Arsenic in Well Water and Tap Water
It is well established that high levels of arsenic in drinking water can lead to severe health problems long-term. Well owners must be extra vigilant as arsenic has no color, taste, or odor. Well water quality can vary from location to location, so it is essential to test well and not assume anything. Arsenic is found naturally in soil and rocks and dissolves into groundwater. In fact, groundwater is how most people are exposed to arsenic. This link between arsenic ingestion and health problems is well documented.
“Elevated levels of arsenic exposure in groundwater have significantly increased the risk of peripheral neuropathy, cardiovascular disease, myocardial infarction, stroke, chronic obstructive pulmonary disease (COPD), gout, lung cancer, and diabetes.” (Source: National Institute of Health)
Arsenic Levels by State
The US has areas of high arsenic concentrations according to the map from the United States Geological Survey. Arsenic is widespread throughout the USA and certain regions in the western USA have levels higher than the EPA maximum allowable levels. A quick look at the map shows clearly that states like Maine, Nebraska, California, Minnesota, Nevada, Arizona, Utah, Oregon, Montana, Indiana, and Texas all have large areas with arsenic present. It is believed that 10% of wells and public water sources have higher levels of arsenic that are known to cause disease.
Arsenic in Water Symptoms
According to the EPA’s website http://water.epa.gov/lawsregs/rulesregs/sdwa/arsenic/index.cfm “….non-cancer effects can include thickening and discoloration of the skin, stomach pain, nausea, vomiting; diarrhea; numbness in hands and feet; partial paralysis; and blindness. Arsenic has been linked to cancer of the bladder, lungs, skin, kidney, nasal passages, liver, and prostate.”
- Stomach Pain
- Numbness in hands and feet
- Partial Paralysis
- Thickening and Discoloration of the Skin
What is a Safe Amount of Arsenic in Water?
In 2001 the EPA revisited the arsenic problem in the USA and revised downward the arsenic standard for drinking water to 0.01 parts per million (10 parts per billion) to protect consumers served by public water systems from the effects of long-term, chronic exposure to arsenic. Some municipalities are not in compliance with this standard. According to the USGS, it is believed that over 2 million well owners are drinking water with higher than recommended levels of arsenic!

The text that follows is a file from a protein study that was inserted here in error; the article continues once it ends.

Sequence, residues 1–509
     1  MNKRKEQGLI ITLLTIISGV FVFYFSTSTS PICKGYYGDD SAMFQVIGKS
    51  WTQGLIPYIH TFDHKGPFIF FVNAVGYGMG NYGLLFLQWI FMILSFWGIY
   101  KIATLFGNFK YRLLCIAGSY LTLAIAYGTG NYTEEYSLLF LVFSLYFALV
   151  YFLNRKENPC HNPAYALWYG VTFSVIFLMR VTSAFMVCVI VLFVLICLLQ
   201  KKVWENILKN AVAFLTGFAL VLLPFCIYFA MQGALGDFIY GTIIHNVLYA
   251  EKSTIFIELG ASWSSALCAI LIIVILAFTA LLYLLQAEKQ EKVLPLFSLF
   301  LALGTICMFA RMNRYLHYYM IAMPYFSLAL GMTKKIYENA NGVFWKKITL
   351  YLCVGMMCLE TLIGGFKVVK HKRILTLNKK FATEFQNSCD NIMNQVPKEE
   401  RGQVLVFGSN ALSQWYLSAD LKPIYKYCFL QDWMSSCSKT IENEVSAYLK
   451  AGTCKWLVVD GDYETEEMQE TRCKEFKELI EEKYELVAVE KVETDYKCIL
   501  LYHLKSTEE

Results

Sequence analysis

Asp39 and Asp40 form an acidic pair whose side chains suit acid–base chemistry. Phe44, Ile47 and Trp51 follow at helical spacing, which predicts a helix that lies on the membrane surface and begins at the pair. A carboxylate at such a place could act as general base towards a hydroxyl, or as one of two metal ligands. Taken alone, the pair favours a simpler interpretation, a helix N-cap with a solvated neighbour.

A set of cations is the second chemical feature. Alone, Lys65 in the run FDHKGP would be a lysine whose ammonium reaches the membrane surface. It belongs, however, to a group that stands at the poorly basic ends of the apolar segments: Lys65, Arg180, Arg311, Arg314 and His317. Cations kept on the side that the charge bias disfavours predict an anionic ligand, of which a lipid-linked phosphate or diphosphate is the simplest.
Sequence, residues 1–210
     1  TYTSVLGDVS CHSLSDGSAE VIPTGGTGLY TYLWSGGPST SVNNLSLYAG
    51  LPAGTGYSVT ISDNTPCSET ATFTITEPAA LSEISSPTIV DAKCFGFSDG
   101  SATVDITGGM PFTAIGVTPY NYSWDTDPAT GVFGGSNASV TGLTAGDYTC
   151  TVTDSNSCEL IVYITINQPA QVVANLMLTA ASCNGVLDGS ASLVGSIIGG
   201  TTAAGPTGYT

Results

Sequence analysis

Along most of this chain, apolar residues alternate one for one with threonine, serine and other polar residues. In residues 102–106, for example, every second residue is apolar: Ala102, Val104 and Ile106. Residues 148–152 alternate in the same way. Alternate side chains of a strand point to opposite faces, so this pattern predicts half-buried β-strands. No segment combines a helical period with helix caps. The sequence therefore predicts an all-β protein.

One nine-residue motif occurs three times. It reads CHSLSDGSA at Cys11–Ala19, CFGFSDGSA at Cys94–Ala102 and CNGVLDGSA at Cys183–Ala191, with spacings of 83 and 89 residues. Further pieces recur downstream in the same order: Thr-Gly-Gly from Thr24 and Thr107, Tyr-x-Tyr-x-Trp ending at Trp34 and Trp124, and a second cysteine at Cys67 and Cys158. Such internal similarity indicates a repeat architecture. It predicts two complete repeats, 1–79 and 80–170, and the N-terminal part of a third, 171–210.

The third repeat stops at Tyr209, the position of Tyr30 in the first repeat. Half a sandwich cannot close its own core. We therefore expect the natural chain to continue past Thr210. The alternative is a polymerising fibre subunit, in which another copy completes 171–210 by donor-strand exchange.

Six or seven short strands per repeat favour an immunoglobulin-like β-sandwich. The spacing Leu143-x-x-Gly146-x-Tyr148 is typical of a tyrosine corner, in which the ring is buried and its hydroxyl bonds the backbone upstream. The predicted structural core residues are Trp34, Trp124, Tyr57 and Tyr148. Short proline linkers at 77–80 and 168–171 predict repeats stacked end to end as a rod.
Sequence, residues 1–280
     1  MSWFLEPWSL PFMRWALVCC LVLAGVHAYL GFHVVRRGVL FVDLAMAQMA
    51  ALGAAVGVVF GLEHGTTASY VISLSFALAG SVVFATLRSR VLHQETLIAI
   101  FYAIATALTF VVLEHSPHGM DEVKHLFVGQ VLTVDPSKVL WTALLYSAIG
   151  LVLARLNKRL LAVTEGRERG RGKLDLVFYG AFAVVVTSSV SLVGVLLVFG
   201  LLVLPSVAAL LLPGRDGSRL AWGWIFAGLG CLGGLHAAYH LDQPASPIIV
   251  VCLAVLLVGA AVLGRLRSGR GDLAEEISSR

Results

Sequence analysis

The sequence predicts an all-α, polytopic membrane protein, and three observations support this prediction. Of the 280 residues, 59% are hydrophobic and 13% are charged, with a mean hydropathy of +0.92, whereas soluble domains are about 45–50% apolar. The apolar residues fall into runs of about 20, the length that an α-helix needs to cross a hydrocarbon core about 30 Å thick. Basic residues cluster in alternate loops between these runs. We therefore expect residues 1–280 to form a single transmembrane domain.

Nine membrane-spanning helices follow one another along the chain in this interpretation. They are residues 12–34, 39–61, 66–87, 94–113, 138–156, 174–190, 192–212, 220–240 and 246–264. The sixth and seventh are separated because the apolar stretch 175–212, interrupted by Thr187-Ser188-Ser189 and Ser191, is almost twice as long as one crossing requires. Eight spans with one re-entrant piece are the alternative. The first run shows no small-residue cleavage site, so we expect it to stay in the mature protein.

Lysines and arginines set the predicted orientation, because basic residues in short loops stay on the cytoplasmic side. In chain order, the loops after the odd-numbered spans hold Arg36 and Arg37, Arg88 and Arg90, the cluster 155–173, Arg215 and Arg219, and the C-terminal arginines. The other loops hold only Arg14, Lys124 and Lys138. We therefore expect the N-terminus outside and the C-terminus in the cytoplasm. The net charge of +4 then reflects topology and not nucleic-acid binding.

How to Remove Arsenic from Water / How to Fix Arsenic in Well Water
A well-designed water distiller, such as a Pure Water brand distiller, will remove over 99+% of arsenic in drinking water. Pure Water started by helping well owners and has grown over the years to provide clean drinking water to people and businesses worldwide. Our verified 3rd party lab results show the power of distillation as a superior form of water purification. Not only do our water distillers remove contaminants like arsenic, but they also remove other unknown contaminants.
Arsenic Contamination in the News
Here are a few examples of arsenic contamination in the news. To learn more about arsenic contamination in your area, search Google, check your local municipal water service’s annual report, or visit the EPA’s website.
The EPA list — showing facilities from Arizona to New York — raises concerns about contamination of nearby waterways and drinking water supplies and provides a window into the agency’s ongoing crackdown on coal ash, one of the largest sources of water contamination in the country. Coal ash contains contaminants like mercury, cadmium and cancer-causing arsenic.
For decades, residents of different mobile home parks in the area have been dealing with water contaminated with arsenic, which, in large amounts, is known to cause rashes, skin disorders or even coma or death. In the past six months alone, the EPA has cited seven parks in the east valley for having water that contains arsenic levels above federal legal limits — even from a faucet equipped with a filter — and thousands of times above state public health guidelines.
Knight and other researchers have also found a strong correlation between land subsidence due to overpumping and increased concentrations of toxic arsenic in drinking water.